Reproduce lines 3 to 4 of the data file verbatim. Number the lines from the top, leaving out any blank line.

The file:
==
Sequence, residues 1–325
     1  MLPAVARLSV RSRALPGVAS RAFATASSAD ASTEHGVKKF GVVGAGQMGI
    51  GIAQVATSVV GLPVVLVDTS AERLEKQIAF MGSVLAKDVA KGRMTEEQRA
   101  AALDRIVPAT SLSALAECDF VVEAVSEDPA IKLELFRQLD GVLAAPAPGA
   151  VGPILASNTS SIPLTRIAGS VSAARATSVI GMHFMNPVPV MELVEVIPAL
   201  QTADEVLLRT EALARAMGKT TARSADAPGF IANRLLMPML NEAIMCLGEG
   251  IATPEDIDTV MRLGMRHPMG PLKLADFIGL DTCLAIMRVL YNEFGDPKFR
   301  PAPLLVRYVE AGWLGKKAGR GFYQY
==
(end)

    51  GIAQVATSVV GLPVVLVDTS AERLEKQIAF MGSVLAKDVA KGRMTEEQRA
   101  AALDRIVPAT SLSALAECDF VVEAVSEDPA IKLELFRQLD GVLAAPAPGA